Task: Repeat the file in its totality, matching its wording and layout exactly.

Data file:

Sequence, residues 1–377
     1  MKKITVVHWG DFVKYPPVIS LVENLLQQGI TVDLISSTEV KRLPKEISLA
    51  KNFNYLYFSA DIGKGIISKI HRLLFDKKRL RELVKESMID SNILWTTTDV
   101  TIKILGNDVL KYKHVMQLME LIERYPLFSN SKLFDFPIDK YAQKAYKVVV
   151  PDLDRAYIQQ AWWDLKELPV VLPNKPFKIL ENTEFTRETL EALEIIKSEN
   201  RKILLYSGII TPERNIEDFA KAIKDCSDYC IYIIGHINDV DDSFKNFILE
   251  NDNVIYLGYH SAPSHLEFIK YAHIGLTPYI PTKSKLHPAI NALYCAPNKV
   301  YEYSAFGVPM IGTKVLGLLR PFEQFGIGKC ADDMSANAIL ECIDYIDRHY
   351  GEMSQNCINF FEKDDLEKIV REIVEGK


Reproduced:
Sequence, residues 1–377
     1  MKKITVVHWG DFVKYPPVIS LVENLLQQGI TVDLISSTEV KRLPKEISLA
    51  KNFNYLYFSA DIGKGIISKI HRLLFDKKRL RELVKESMID SNILWTTTDV
   101  TIKILGNDVL KYKHVMQLME LIERYPLFSN SKLFDFPIDK YAQKAYKVVV
   151  PDLDRAYIQQ AWWDLKELPV VLPNKPFKIL ENTEFTRETL EALEIIKSEN
   201  RKILLYSGII TPERNIEDFA KAIKDCSDYC IYIIGHINDV DDSFKNFILE
   251  NDNVIYLGYH SAPSHLEFIK YAHIGLTPYI PTKSKLHPAI NALYCAPNKV
   301  YEYSAFGVPM IGTKVLGLLR PFEQFGIGKC ADDMSANAIL ECIDYIDRHY
   351  GEMSQNCINF FEKDDLEKIV REIVEGK